Parents Who Depend on their Children
Emotional dependence isn’t only present in couple relationships, but can also occur in any interpersonal relationship. In fact, it’s not uncommon for it to exist between family members, for example, there are parents who depend on their children. In this case, we’re talking about a complex issue that can have profound psychological consequences for both people involved.
Parents who are emotionally dependent on their children tend to create an environment of overprotection and control that hinders the growth and autonomy of the child. In parallel, it harms their own personal development to the point of presenting a disturbing sense of depersonalization.
Emotional dependency from parents toward their children
Generally, emotional dependency from parents and children occurs when adults project their unfulfilled desires onto minors. Therefore, they place excessive demands on them that have little to do with the children’s genuine interests.
In these cases, adults try to design their children’s lives as they wish based on their own emotional needs. In this way, they take control of their decisions and take the wheel of a car that doesn’t belong to them, when in truth is that the seat that belongs to them is the passenger seat.
Commonly, this is reflected through overprotective attitudes, the controlling of actions, or manipulative strategies to ensure the children’s company. In fact, it’s not surprising that they feel deep distress when the children aren’t at home, as they have no other source of happiness.
“Emotional dependence is something that turns love into an ordeal”.
– Jorge Castelló –
When parents depend on their children, there are consequences
When bonds are built with a high degree of dependence, the negative effects don’t take long to appear. The consequences may be visible or more subtle, but they’re always relevant to the mental health and well-being of both parties.
The consequences for children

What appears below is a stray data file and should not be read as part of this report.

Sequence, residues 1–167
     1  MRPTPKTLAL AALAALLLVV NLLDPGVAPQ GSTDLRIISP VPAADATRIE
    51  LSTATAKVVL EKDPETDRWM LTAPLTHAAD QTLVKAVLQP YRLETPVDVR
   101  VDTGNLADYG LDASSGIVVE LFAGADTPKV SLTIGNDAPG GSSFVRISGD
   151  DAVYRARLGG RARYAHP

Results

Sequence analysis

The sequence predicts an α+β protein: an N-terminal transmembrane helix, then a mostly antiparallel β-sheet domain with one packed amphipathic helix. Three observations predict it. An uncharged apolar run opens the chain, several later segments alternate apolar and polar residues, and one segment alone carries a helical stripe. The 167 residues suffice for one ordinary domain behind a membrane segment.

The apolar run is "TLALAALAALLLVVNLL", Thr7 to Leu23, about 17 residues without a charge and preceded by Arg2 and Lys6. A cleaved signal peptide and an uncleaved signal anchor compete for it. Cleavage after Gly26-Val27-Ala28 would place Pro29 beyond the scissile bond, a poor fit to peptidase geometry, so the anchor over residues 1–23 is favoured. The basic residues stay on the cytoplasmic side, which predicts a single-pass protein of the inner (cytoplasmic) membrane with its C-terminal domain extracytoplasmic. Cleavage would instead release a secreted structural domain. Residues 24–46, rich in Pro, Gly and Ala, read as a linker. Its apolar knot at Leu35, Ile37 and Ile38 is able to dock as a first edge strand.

These are some of the problems that can occur in children when their parents are emotionally dependent on them:
- Emotional overload: Children may feel overwhelmed by the responsibility of meeting their parents’ emotional needs. This can cause stress, frustration, and significant physical and mental fatigue.
- Difficulty acquiring autonomy: Children may find it difficult to set limits for their parents. Also, they may feel obligated to respond to their parents’ expectations, rather than making their own decisions regarding their own lives.
- Difficulty making friends: When they feel absorbed by their relationship with their parents, they may find it difficult to build and maintain healthy and close bonds with other children.
- Feelings of shame, guilt, and resentment: Feeling restricted in their freedom, children will have moods flooded with unpleasant emotions. In addition, they may feel resentful for having to assume a role that doesn’t belong to them.
The consequences for parents
Parents who are dependent on their children will have to face a number of disadvantages:
- Loss of self-identity: This is one of the most serious consequences that any emotionally dependent person suffers. Parents who are dependent on their children often lose their sense of self because they live through the children.
- Feeling anxious and fearful on a daily basis: They may feel frightened when considering the idea that their children may one day become estranged. This alternative is highly threatening to them, resulting in a feeling of constant anxiety.
- The development of dysfunctional behavioral patterns: Dependency may lead them to adopt unhealthy attitudes, such as manipulation, surveillance, and control, in order to keep their children close.
- Guilt: If parents have a record of their dependency, they may feel guilty for not accepting their children’s freedom and independence. However, the feeling of guilt isn’t always enough to reduce this attitude.
Strategies to work on emotional dependency
Fortunately, it’s possible to reverse this situation through deep inner work on the part of the parents. Time, patience, and effort are three essential components to stop being emotionally dependent on children. The first step to take is to seek professional support to work deeply on this issue.
On the other hand, it’s essential to develop one’s own interests and hobbies, which will help to recover one’s own identity and boost self-esteem and sense of self-confidence. At the same time, it will be beneficial to build or reconquer bonds with other family members, friends, or partners. In this way, well-being will be distributed in various interpersonal relationships, which will help reduce dependence on the children.It might interest you...
All cited sources were thoroughly reviewed by our team to ensure their quality, reliability, currency, and validity. The bibliography of this article was considered reliable and of academic or scientific accuracy.
- Castelló, J. (2015). La superación de la dependencia emocional: Cómo impedir que el amor se convierta en un suplicio. Borealis.
- Rodríguez de Medina Quevedo, I. (2013). La dependencia emocional en las relaciones interpersonales.
- Riso, W. (2013). Guía práctica para vencer la dependencia emocional: 13 pasos para amar con independencia y libertad (Vol. 1). PHRONESIS SAS.